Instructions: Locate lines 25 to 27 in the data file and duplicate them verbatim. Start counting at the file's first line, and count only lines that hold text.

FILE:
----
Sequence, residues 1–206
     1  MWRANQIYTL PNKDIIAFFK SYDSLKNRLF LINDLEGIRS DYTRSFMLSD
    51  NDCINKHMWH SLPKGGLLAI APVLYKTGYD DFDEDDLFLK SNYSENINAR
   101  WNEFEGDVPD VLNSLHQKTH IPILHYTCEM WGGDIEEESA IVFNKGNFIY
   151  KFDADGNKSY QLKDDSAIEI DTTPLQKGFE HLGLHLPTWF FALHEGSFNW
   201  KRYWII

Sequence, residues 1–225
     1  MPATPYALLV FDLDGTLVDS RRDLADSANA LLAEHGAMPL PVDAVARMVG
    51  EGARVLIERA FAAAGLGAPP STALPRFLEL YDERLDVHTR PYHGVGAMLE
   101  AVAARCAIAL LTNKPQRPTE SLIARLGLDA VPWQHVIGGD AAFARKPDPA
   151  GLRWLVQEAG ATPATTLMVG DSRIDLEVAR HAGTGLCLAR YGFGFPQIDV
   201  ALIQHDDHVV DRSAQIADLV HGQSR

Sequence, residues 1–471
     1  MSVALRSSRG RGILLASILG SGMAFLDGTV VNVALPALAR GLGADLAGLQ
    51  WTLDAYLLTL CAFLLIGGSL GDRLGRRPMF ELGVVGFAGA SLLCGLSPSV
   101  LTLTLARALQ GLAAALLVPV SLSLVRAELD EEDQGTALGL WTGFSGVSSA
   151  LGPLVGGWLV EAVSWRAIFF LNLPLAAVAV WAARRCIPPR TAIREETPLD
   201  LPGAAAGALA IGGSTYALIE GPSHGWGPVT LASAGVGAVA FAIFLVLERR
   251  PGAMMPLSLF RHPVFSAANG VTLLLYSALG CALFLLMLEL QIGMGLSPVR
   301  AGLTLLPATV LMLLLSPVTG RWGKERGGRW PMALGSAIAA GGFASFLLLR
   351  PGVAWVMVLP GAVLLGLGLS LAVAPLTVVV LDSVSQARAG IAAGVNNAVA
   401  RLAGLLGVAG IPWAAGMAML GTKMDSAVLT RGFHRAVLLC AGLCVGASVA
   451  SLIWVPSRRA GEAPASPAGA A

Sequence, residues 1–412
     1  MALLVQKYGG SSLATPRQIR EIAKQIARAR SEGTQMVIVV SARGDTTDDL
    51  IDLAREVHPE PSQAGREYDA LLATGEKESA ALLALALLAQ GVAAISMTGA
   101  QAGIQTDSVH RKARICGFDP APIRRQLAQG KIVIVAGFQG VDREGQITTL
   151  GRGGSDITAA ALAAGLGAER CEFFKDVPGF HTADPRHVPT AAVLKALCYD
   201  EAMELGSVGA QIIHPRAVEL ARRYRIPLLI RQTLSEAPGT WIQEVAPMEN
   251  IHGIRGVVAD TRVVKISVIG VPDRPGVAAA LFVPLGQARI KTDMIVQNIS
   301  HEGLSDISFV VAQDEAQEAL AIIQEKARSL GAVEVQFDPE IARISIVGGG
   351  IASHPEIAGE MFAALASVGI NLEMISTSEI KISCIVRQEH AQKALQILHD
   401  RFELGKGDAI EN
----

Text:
     1  MALLVQKYGG SSLATPRQIR EIAKQIARAR SEGTQMVIVV SARGDTTDDL
    51  IDLAREVHPE PSQAGREYDA LLATGEKESA ALLALALLAQ GVAAISMTGA
   101  QAGIQTDSVH RKARICGFDP APIRRQLAQG KIVIVAGFQG VDREGQITTL